Choricarpia is a small genus of 2 species, both occurring in eastern Australia. Choricarpia leptopetala is a small tree or tall shrub with flaky bark and reaching 5 to 12 metres high. The leaves are opposite, oval to elliptical in shape, tapering to a point and are up to 150 mm long by 55 mm wide. The undersides of the leaves have short greyish or rusty coloured hairs and the young shoots also have short, rusty hairs. The flowers are very small but clustered into globular shaped heads about 15 – 20 mm in diameter. The stamens of the flowers are very prominent. Flower colour is cream to white aging to brown and flowers are usually seen in winter and spring. The brown seed capsules are decorative and remain on the plant for some time.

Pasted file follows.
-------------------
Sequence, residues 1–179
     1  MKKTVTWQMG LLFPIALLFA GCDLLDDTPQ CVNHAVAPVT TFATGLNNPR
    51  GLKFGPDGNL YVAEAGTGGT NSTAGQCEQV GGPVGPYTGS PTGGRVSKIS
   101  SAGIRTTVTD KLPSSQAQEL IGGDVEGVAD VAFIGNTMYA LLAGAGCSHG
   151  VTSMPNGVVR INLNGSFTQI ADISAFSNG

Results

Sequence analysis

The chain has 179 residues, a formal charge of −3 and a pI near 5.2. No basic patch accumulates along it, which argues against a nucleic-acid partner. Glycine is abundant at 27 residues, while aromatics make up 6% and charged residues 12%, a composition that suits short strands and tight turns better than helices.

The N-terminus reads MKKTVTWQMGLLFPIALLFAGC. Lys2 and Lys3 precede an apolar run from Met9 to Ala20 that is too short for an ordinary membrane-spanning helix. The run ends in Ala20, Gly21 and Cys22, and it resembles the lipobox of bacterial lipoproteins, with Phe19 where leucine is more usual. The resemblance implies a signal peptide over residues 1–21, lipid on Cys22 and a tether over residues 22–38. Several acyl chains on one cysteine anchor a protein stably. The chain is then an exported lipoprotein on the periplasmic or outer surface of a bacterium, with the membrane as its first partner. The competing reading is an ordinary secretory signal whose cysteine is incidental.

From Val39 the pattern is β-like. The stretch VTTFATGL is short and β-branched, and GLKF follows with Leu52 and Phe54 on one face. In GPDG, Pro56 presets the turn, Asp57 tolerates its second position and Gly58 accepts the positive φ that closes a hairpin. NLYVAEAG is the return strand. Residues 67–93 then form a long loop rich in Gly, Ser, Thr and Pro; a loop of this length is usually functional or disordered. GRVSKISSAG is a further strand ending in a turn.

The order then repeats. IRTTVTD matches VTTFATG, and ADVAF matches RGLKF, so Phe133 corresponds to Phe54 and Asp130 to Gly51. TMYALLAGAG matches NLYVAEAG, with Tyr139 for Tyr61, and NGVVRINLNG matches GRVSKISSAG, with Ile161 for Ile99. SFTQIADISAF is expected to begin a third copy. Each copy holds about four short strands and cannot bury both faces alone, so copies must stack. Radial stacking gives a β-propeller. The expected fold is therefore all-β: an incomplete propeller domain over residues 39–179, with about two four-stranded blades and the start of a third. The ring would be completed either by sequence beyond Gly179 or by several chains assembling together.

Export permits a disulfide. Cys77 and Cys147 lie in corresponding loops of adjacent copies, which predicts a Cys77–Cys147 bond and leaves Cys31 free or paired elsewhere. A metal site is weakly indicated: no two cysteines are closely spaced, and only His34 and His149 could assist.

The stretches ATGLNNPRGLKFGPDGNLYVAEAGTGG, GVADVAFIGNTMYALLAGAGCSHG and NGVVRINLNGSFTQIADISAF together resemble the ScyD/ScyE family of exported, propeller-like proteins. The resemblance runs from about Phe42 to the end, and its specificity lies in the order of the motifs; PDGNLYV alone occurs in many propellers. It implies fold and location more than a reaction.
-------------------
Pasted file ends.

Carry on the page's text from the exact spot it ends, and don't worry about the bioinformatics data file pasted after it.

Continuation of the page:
Choricarpia leptopetala is not often seen in cultivation but has proven to be a hardy and adaptable plant for most reasonably drained soils in a sunny or semi-shaded location. It is tolerant of at least moderate frost.
Propagation is relatively easy from seed which does not require any special pre-treatment. Cuttings are also successful but may be slow to strike.
Photo: Christine Ashe